Little modification : Beautiful Panoramic Photo associated with the Georges Du Tarn It's Gorges . Cheers! Regardless of how very long we stare inside my screen to correct all mistakes, I ALWAYS miss something... It takes ...
This image with the title of "Peyrelade, France. This important Medieval castle had large walls surrounding a unique central keep that was built out of a vertical spire of rock more than 50m (163 ft) high. It was the scene of incessant battles and sieges. I'll post more in the comments (including some model reconstructions)." is one of a large collection of pictures from the category Castles . We collect quality images, from a social network website reddit.com
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Some random comments on reddit about Peyrelade, France. This important Medieval castle had large walls surrounding a unique central keep that was built out of a vertical spire of rock more than 50m (163 ft) high. It was the scene of incessant battles and sieges. I'll post more in the comments (including some model reconstructions).
- Small correction : Beautiful Panoramic Photo Of The Georges Du Tarn It's Gorges .
- Cheers! No matter how long I stare at my screen to correct all mistakes, I ALWAYS miss something... It takes me x time to write out a comment, but 50x time to edit said comment before it's legible... Bugger, I even had to edit this.
- Like a deep throat.
- I just realized I don't think I've ever thanked you for the awesome submissions you provide here, so thank you! And keep up the great work!
- How often did the castle fall? From your description, it seemed like it only fell once to the English, albeit briefly. My other thought was how the hell do they get water and supplies up there? In the model it looked like a bit of terraced farming was going on, but during a prolonged siege... ?
- How often did the castle fall? I could not say exactly how much. However, it was besieged a great many times and it thus almost certainly "fell" numerous times. For example, it was burned after two months of siege at the end of the 14th century. In fact, according to a French website I was looking at, the castle was "besieged and plundered repeatedly". My other thought was how the hell do they get water and supplies up there? Often times castles such as this would have a cistern to store water. Although, there does not appear to be such a cistern here. Thus, your guess is as good as mine. My first guess would be that the keep must of had some kind of tunnel connecting the castle all the way to ocean. Of course sea water is not of much use for drinking, so this exceptionally long tunnel must have also been a tunnel through time. Such a "time tunnel" could have then connected the landlocked Middle Ages castle to a modern desalinization plant by the sea. On second thought, your guess is probably better than mine.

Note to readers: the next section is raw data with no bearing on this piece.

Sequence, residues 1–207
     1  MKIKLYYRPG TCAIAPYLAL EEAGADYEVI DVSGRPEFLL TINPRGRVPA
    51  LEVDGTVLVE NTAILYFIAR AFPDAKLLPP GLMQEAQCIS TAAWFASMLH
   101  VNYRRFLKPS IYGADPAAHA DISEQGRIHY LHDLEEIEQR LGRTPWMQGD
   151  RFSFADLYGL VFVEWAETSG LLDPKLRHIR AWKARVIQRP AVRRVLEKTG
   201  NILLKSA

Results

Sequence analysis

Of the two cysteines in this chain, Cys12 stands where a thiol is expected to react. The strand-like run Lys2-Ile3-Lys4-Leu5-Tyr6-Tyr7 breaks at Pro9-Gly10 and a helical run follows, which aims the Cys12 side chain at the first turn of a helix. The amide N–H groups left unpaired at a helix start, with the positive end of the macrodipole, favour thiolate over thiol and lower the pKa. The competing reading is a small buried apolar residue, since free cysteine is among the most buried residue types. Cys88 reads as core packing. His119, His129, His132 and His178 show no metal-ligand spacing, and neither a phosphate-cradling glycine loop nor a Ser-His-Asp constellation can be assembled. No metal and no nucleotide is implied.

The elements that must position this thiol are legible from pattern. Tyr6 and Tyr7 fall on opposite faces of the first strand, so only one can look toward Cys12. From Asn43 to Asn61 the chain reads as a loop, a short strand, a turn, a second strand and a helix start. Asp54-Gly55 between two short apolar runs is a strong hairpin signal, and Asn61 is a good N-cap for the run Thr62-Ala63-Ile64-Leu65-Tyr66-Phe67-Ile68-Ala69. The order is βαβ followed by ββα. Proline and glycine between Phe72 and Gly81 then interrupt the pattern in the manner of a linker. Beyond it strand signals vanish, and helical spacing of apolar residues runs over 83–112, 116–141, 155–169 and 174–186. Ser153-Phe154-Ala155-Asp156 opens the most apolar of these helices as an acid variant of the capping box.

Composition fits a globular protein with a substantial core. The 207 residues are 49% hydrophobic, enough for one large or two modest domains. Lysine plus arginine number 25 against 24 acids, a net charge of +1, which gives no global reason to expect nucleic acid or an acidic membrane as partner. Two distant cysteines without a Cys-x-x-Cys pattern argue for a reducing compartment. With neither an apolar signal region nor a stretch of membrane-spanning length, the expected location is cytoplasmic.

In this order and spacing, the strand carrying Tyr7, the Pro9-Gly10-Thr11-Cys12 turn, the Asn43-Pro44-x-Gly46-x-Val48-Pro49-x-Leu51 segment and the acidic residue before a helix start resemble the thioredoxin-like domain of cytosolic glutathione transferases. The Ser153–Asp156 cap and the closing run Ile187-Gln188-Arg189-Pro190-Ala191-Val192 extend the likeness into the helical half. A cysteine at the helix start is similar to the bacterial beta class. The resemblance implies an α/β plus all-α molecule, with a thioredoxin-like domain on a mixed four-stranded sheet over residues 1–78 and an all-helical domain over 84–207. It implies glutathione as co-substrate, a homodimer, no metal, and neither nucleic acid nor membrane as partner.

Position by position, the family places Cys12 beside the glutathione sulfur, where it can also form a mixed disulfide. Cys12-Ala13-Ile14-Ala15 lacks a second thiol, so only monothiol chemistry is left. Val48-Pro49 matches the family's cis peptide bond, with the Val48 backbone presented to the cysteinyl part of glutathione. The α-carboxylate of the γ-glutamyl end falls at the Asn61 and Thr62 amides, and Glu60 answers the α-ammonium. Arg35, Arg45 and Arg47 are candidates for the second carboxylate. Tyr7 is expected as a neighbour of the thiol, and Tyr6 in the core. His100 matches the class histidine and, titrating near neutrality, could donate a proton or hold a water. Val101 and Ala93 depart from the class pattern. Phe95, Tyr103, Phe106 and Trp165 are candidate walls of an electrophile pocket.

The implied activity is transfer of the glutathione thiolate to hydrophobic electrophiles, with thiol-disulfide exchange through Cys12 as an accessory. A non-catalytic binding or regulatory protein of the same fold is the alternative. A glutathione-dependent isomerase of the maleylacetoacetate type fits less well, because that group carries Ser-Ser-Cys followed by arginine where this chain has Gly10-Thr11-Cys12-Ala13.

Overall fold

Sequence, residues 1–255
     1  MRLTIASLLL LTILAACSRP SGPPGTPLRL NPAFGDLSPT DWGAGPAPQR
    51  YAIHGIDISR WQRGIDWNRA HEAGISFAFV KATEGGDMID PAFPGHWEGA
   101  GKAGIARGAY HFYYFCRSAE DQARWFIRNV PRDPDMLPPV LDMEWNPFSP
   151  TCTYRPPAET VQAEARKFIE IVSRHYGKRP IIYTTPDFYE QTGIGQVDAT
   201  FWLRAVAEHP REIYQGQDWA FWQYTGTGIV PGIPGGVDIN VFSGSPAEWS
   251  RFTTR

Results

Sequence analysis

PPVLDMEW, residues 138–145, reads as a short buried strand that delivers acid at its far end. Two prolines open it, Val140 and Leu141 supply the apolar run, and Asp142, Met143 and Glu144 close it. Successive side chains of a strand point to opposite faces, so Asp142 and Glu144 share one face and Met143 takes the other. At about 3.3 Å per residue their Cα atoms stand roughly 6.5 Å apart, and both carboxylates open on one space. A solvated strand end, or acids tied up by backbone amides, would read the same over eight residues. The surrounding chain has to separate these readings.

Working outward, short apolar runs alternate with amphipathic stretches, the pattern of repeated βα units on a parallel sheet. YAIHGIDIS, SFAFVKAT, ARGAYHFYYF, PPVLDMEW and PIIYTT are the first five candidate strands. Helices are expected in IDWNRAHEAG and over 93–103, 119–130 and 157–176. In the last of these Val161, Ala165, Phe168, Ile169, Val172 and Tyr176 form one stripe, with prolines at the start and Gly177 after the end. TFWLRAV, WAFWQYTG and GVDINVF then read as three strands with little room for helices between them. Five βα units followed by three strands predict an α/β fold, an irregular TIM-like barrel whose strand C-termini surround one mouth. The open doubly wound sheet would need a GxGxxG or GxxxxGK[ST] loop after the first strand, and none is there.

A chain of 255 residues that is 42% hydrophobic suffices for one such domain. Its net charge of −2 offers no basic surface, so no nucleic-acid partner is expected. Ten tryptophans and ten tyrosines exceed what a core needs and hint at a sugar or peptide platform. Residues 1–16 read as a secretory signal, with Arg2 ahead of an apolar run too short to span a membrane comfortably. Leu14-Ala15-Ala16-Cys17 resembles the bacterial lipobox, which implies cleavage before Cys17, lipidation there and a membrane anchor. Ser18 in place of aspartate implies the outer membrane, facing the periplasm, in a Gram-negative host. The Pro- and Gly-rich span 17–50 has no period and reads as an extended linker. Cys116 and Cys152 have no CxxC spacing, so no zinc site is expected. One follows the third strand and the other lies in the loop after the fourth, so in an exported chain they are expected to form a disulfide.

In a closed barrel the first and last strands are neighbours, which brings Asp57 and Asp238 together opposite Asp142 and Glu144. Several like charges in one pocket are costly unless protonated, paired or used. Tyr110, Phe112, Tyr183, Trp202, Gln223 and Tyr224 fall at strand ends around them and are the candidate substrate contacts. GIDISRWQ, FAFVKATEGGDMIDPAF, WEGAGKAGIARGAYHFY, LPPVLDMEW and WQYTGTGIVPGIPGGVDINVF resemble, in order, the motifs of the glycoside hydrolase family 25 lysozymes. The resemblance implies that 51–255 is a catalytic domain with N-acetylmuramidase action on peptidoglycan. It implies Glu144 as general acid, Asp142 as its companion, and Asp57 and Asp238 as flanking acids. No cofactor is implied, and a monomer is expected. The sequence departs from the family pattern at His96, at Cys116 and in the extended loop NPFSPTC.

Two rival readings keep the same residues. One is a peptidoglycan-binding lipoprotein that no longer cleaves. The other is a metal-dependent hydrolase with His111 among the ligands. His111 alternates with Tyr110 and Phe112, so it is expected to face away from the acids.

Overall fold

- I was just trying to figure out how the castle made sense. It is in a strategic location, but it seems like if you were invading, just hang out at the bottom of the rock for a bit until the castle ran out of supplies. It's a bit too large just to be a scouting outpost. I was trying to do a bit of research, but there's not too much out there it seems. My guess (and just a guess) is that it wasn't meant as a permanent barrier, just more of a delay to any invaders. They have to deal with the inhabitants of the castle (maybe the tunnel was to give the inhabitants some semblance of 'maybe you can escape'). Meanwhile, with the views from the castle, scouts and riders could alert those farther up the valley to anyone coming, and give some prep time. Anyways, thanks for bringing this interesting castle to my attention!
- The answer regarding water is wells. Regarding food, granaries. The castle would have had dry storage for grains. It's also a definite possibility that the people who lived in the village would be expelled before or during a siege, it wasn't unheard of.
- I assumed (because assumption is saxy), that there would be no wells at such an elevation/location. Although, it is entirely possible that a well could exist. There could even be a natural spring for all I know.
- A well inside the keep might have to be pretty deep, but down in the bailey it would be easy.
- Wouldn't the wells have to be super deep in a castle built in a high rock cliff? The water table would have to be below the valley floor.
- I was thinking the wells would be in the bailey. And water tables rise where there's hills, so wells in the bailey wouldn't have to be too deep. Edit: look at the first pic in the comments: the castle actually extends all the way down to the ground, so there could be a well in that part.
- Hmm... I'm visiting France next year... maybe I'll have to stop by and confirm this. I'm sure my girlfriend would understand... "Hey, um, I gotta stop by this castle? And look for wells? It's for Reddit. Cool?"
- That is incredible! Thank you for this
- When I saw the first pic, I thought that was the entire castle. And wondered how 250 people could fit onto that tiny pinnacle of rock, let alone live there. Then, The second pic explained it. cool castle. Read more comments